11. Does anyone else find it difficult to write the letter "H" (the dot) when using a ballpoint pen? In order for my pen to make a visible dot I kind of have to draw it (for example I have to slightly move the pen to get the ink to make a dot visible on the paper). Was just wondering if anyone else has that problem. I know some people use fountain pens but I don't own one nor do I think I could write with one.

    Anyway, I am still trying to find a reasonably priced copy of "The Most Used Shorthand Words and Phrases: Classified According to the Lessons In The Gregg Shorthand Manual Simplified" to supplement my learning. eBay doesn't have it, but Amazon does (for almost $30) but Amazon does not accept Paypal (I guess because eBay is their competitor). I also checked my local library over the weekend and they didn't carry a single Gregg Shorthand book.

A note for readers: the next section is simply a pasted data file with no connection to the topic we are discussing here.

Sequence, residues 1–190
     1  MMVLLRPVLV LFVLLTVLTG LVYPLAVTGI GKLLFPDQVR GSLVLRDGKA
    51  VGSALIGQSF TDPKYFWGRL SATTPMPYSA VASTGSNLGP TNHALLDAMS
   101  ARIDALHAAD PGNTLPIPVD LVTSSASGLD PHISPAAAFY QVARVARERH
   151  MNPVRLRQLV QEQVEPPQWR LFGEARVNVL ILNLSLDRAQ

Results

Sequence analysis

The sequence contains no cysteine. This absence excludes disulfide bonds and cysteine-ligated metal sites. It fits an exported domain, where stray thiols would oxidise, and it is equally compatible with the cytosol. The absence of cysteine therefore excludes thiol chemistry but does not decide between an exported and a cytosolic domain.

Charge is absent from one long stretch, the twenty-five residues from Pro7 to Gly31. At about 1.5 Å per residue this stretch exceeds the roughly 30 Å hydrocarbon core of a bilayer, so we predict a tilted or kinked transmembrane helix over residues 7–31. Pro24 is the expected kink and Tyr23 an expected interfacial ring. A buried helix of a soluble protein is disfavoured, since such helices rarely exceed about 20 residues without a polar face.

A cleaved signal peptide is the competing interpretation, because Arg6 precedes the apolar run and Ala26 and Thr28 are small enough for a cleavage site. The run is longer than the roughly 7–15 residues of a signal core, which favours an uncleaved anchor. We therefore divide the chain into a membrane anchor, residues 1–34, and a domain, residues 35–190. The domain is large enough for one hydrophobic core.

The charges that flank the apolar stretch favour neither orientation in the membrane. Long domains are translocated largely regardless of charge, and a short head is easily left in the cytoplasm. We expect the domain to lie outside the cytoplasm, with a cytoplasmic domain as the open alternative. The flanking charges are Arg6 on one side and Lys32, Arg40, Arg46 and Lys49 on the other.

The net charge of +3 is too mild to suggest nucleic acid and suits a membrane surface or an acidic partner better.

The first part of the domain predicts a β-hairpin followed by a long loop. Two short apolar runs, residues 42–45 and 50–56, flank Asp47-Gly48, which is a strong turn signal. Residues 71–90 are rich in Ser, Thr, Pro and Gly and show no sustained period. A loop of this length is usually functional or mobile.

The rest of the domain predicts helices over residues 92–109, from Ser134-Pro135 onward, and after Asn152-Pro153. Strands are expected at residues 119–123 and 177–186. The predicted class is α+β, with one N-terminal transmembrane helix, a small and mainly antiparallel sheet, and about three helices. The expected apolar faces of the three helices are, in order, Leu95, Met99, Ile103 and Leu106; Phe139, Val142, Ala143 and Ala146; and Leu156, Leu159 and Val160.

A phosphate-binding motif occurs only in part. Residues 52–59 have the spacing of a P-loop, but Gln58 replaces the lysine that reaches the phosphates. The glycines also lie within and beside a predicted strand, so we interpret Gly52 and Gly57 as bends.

I got some good practice time in during my long Labor Day weekend. I hope to practice my "H" words a little bit more (to feel more confident) before moving on to the next lesson.

    Well I hope everyone in this group had a wonderful Labor Day weekend (If you are in the U.S., that is). If I get to it I may upload a new scan of my words to see if there have been any improvements since my last upload.

    Have a good nite everyone.

  12. That's one reason I don't like regular ballpoint pens — sometimes it is hard to get the ink to flow well. Also, the dot is always a problem because it represents a stop, so you don't want to spend much time with it. If I were you, I would try a different pen, say like a gel pen. I have had good luck with the Pilot G2, plus you can get it in extra fine. Go to your favorite office supply store and try different pens. That's the only way you will find something that suits your writing.